Nick Smith was reinforced at his press conference yesterday by his oldest friends in politics, Bill English and Tony Ryall, shortly after telling Parliament he had resigned from Cabinet.
They were all part of the new entrants in the 1990 intake dubbed the Brat Pack and have remained close.
They could have been the Boys Brigade: by National's standards they were very, very young MPs who rose to powerful positions under the leadership of Jim Bolger, Jenny Shipley and John Key.
Shipley made Smith Education Minister at the age of 34. He has also held Conservation, Corrections, Immigration and ACC.
His involvement in the case of a friend who was in dispute with ACC led to his resignation.
Yesterday, at the age of 47, he relinquished Environment, Climate Change and Local Government.
Out of the gang of four, Mr English rose the highest, to Deputy Prime Minister and Finance Minister.
Roger Sowry, the fourth, and now retired from politics, joined his former colleagues in Dr Smith's office yesterday for the political wake.
Later Mr English paid tribute to his colleague, saying he hoped he would continue to play an energetic role in the caucus around water issues, the Emissions Trading Scheme and local government reform. "The scope of his reach is enormous and he was always on top of those issues. You might disagree with him but you could never accuse him of not doing his homework." He could master very complex issues and communicate them in language anyone can understand "and that's how he held the Nelson seat for such a long time".
New National MPs are often referred to Dr Smith for tutelage in how to be an effective local MP, as he has held his seat often against general trends. Dr Smith's most prized portfolio was Environment which until yesterday he had held since 2008.
Long ago he had picked up where Simon Upton left off in terms of leading the environmental wing of the National Party and he started the Blue-Greens ginger group.
In his first term in the present Government he oversaw amendments to dilute the Emissions Trading Scheme - as promised in the election campaign - and joined Tim Groser in international climate change negotiations. His ACC portfolio was equally as controversial as he sought to discredit its management under the previous Government.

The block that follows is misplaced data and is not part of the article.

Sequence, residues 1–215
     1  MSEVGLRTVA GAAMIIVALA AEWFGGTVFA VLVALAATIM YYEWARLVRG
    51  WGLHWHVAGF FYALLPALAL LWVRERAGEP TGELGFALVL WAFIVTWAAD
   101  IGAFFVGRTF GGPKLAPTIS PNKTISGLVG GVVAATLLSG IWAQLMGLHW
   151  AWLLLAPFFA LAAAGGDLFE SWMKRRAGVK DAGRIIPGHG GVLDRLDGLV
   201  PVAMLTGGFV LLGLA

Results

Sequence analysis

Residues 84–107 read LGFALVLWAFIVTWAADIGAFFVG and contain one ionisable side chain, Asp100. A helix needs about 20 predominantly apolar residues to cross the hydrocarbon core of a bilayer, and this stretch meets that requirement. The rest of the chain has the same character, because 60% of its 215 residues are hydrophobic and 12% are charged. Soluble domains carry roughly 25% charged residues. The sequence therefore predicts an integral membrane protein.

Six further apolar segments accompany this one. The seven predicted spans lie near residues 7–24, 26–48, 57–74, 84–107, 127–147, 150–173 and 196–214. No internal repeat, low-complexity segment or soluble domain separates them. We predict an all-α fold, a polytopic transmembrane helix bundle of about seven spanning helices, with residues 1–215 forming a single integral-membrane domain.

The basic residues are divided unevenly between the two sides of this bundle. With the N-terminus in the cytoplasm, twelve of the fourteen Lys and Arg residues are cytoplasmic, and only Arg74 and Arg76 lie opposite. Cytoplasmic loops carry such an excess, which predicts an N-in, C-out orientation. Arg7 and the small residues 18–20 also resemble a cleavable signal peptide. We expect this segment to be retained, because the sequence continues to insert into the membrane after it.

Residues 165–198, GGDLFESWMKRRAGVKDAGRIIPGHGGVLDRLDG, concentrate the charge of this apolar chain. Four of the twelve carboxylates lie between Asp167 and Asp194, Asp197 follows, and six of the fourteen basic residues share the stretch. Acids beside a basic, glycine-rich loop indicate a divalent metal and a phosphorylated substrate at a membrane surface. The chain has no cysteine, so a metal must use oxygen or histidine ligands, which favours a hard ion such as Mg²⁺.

This term Dr Smith was moved down the ranks to the second bench as Mr Key sought to promote more women to his front bench.
Dr Smith is known as an intense person, a politician who gets deeply involved in issues, sometimes too deeply. He was found guilty of contempt of court for revealing details of a family custody case he got involved with in his electorate.
He was also sued for defamation by preservative producer Osmose New Zealand over comments he made about a timber product in 2005. The case was eventually settled out of court in 2010, when Dr Smith apologised and made an undisclosed payment.
Mr English said Dr Smith was someone who focused on finding solutions. "He is a guy who makes decision quickly and sticks to them and he can be hard to shift. Equally he has the same focus on helping people and over the years most of the scrapes he has been in are from being very focused on helping people and pushing it pretty hard."
One of his biggest scrapes occurred in 2003 when Don Brash rolled Mr English as leader.
Dr Smith had been doing the numbers for Mr English and was devastated at the result. As part of Dr Brash's repair job with a divided caucus, he offered Dr Smith the deputy's job.
But the strain surrounding the events became too much and after some erratic behaviour at Parliament, he was ordered to take stress leave.
Gerry Brownlee then replaced him.
The ups and downs of Dr Smith's private life have also made headlines during his time in Parliament. In 2005, he separated from his wife of 20 years, with whom he had two children. He remarried four years later, becoming a stepfather to two more children.